Modern Nature: Georgia O’Keeffe and Lake George
American artist Georgia O’Keeffe (1887-1986) seemed to have a love-hate relationship with feminism. She once exclaimed, “I am not a woman painter!” and yet the pro-suffrage National Women’s Party member also said, “I believe in women making their own living. It will be nice when women have equal opportunities and status with men so that it is taken as a matter of course.”
Numerous books claim that O’Keeffe was bisexual, but this too falls into murky historical waters. What is clear is that many LGBT supporters and individuals–especially lesbians–relate to her art and legacy. Artist Judy Chicago, a longtime champion of gay rights who embraced feminism, included O’Keeffe in her own seminal work, “The Dinner Party,” which presents a veritable pantheon of women artists, poets, novelists, rulers and goddesses.
Flowers, which O’Keeffe beautifully and unforgettably painted, can themselves be bisexual. Most large, showy flowers, such as lilies and roses, are bisexual, possessing both male and female reproductive structures. Artists infuse their works with their own particular energy and life’s experiences, so it’s fascinating to experience O’Keeffe’s tremendous power through something as seemingly soft and non-threatening as a flower, a lake or another aspect of nature. The images, for us, explode from their surfaces with captivating sensual energy.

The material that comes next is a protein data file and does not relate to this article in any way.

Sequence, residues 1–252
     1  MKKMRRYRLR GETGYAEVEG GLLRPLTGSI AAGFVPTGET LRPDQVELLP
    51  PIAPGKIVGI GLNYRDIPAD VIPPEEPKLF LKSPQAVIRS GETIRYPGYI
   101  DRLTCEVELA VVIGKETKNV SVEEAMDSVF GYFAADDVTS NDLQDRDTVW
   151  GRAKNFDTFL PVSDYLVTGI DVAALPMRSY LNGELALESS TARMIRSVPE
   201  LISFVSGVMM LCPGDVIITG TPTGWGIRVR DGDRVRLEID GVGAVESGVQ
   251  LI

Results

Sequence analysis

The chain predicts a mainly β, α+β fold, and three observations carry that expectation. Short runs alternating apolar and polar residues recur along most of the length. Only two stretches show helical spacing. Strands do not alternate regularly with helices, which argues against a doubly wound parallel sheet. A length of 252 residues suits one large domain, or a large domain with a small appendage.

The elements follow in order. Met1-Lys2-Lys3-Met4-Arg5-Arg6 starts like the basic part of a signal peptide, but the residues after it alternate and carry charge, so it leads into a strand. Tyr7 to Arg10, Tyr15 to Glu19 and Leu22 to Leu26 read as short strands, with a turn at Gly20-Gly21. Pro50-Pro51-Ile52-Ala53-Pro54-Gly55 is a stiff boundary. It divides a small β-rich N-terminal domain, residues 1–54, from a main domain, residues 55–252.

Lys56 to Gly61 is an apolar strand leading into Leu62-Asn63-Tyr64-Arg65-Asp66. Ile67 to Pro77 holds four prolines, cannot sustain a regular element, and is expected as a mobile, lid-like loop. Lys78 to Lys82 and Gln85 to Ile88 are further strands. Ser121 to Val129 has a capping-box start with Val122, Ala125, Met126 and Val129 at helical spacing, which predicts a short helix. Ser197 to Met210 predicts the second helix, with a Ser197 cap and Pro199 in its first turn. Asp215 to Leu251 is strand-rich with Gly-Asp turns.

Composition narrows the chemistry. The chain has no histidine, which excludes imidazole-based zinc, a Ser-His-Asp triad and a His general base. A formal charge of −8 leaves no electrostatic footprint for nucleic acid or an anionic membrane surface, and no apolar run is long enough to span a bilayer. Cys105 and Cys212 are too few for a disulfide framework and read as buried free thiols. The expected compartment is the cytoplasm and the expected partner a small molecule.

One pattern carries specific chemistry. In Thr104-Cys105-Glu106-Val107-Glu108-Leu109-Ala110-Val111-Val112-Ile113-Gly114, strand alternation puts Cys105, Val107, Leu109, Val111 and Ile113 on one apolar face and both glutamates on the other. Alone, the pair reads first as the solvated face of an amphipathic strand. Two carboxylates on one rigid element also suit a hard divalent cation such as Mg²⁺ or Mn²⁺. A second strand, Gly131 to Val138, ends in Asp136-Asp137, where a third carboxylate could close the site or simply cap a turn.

But perhaps you perceive something else in them. Whatever your personal response is, the images likely will lure you in like an ephemeral flower attracting desirous honeybees. Let your own imagination take flight.